Today I will be discussing a number of reasons why having a genetic mutation called Lynch Syndrome does not mean a definitive future diagnosis of cancer. First, I would suggest that you read my recent post on Epigenetics to get a better understanding of the relationship between our genes (DNA) and actual gene expression.
What is Lynch Syndrome
Lynch syndrome is characterized as a genetic predisposition to certain types of cancers, mainly colorectal and endometrial, and is estimated to be responsible for 1-3% of all colorectal and endometrial cancers in our population (1). Do not be alarmed by this, I will explain later in the post, but it is estimated that individuals with Lynch Syndrome have a 20-70% chance of colorectal cancer by the age of 70 (2); however, risk estimates are extremely variable and not precise (3)…more on this later.
With that in mind, Lynch Syndrome is the most prevalent human hereditary cancer syndrome (1) and there have been 3000 identified DNA mutations and variants associated with Lynch Syndrome (1). These 3000 DNA variants are all found in our Mismatch Repair (MMR) genes, and the most common variants in Lynch Syndrome are found in the MSH2 and MLH1 MMR DNA complexes. Sorry if that was a bit technical, they are just names.
How Does Lynch Syndrome Increase Cancer Risk?
Since Lynch Syndrome involves MMR genes we need to understand how MMR genes function. As you know, our DNA must be present in all of our cells; so, when a new cell is made (constantly happening in our body), DNA must be copied from an existing cell to the new cell. This is a complicated process and sometimes errors occur (mutations); therefore, the copied DNA must be “proofread” and destroyed or fixed if errors are found. This is where MMR genes come in. They are responsible for producing the proteins that read copied DNA and signal destruction of new cells with DNA errors (1). Additionally, MMR proteins play a role in identifying and signaling the destruction of existing cells that have experienced DNA damage (from toxin/oxidative stress exposure for instance) (1). Both of these actions are extremely important for cancer prevention for a number of reasons but mainly, DNA errors in cancer preventing genes (ex. tumor suppressor or proto-oncogenes) can lead to uncontrolled cell growth and ultimately cancer.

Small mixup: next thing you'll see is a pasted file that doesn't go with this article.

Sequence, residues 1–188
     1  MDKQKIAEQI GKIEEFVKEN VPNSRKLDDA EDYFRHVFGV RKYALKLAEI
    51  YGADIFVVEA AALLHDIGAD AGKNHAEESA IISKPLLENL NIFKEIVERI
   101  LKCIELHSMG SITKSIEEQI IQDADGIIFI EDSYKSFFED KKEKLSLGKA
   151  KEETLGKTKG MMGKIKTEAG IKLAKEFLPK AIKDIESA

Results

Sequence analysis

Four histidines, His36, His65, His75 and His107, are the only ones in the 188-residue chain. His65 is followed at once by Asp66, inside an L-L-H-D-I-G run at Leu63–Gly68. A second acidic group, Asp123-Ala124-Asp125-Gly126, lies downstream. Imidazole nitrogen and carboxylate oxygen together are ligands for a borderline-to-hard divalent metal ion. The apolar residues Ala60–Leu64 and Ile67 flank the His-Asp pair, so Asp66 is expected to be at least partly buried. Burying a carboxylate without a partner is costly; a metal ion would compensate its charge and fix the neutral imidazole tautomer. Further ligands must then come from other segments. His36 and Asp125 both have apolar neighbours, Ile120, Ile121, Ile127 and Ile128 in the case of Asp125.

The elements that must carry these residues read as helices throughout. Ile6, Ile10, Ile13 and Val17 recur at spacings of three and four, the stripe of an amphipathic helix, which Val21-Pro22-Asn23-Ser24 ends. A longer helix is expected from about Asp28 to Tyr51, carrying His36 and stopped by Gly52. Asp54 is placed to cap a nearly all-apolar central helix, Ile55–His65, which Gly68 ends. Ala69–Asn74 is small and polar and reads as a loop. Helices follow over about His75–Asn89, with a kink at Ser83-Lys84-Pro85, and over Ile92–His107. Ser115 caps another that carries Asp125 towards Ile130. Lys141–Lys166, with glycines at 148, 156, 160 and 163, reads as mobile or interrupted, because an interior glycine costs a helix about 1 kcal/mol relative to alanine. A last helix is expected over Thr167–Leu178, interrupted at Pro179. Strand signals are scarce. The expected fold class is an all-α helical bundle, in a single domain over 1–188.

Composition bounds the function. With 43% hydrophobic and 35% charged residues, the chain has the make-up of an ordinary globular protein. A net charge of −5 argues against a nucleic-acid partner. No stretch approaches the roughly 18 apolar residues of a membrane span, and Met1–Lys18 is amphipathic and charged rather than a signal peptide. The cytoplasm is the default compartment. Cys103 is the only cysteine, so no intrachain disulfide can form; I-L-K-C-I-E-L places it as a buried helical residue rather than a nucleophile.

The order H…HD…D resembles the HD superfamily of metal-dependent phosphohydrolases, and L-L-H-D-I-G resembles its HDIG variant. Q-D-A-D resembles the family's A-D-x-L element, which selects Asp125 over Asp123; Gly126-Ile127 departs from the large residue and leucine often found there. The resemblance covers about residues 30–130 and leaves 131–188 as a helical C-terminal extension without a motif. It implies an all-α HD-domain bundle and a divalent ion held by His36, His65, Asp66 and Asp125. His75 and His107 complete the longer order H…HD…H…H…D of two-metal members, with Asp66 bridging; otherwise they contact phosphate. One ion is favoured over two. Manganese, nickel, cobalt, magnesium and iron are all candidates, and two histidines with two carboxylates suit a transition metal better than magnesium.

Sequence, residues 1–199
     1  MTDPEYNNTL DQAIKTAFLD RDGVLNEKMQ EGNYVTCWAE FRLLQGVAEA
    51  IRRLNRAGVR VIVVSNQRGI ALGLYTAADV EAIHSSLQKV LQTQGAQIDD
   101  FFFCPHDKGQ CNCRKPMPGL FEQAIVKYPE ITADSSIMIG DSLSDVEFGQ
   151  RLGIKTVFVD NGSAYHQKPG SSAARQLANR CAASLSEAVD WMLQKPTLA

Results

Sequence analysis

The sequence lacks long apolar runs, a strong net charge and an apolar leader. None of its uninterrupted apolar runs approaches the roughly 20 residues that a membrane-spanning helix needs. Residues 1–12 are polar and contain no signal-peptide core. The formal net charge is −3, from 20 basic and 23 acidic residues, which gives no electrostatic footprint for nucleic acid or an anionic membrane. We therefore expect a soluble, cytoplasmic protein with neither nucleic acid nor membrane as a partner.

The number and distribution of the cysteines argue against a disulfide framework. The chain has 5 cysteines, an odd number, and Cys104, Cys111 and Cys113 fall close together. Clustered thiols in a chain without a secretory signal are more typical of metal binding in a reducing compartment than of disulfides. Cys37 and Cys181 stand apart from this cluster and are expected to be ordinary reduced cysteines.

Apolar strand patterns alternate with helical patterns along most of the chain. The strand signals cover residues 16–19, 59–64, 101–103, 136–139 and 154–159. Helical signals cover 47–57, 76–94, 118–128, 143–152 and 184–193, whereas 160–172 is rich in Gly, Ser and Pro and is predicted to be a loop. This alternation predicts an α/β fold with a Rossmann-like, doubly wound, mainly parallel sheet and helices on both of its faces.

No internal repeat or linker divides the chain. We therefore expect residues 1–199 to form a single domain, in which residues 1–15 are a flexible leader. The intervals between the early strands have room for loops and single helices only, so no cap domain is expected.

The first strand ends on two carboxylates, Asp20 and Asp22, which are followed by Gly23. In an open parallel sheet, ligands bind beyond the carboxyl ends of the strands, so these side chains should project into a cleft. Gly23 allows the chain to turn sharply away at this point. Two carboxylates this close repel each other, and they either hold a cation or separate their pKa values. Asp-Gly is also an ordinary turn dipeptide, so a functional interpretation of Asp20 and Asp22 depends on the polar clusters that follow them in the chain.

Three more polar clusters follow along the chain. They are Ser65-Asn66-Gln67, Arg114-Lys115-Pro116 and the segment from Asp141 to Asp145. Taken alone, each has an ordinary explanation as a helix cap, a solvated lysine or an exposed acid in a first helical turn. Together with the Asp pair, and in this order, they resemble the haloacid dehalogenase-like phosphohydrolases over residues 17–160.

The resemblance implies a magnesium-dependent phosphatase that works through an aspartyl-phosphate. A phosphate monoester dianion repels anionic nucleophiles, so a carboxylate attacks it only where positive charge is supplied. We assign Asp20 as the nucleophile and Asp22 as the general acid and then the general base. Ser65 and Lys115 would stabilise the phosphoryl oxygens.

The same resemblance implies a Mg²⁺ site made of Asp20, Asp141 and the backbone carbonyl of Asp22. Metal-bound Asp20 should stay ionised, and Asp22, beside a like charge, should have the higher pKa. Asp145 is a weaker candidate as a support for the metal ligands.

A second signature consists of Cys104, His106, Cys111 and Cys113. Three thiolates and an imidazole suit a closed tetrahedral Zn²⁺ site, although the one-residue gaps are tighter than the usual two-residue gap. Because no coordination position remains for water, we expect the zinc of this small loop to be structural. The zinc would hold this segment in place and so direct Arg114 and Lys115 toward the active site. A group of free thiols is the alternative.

In a nutshell, DNA variants associated with Lynch Syndrome impair our ability to properly regulate DNA replication and/or destroy cells with damaged DNA; thereby increasing the likelihood of DNA irregularities in genes that help prevent/destroy cancer.
I have mentioned this before, but genetic risk does not mean definitive diagnosis. With regards to chronic health conditions, there are very few that are 100% linked to DNA alone. Most conditions do have a genetic link, but the penetrance (actually getting the condition) is so variable we know there are other factors involved such as our environment/lifestyle. This is no different for Lynch syndrome.
Depending on the source, the estimated risk of cancer for those with Lynch Syndrome is extremely variable from 2-70% depending on gender, age, and type of cancer. If cancer development from Lynch Syndrome was 100% genetic, we would see cancer occurring in all people with these genetic variants at or near 100% of the time. The most interesting study I have found for cancer risk percentages came from a 2014 study by Dowty et. al (3). The study was specific to MLH1 and MSH2 mutations and risk was identified by gender, age, and type of cancer in 2 ways. First was the cumulative risk of developing a cancer by a certain age (see first table), and second was the risk of developing a cancer in the next 10 years after being cancer free up to a certain age (see second table).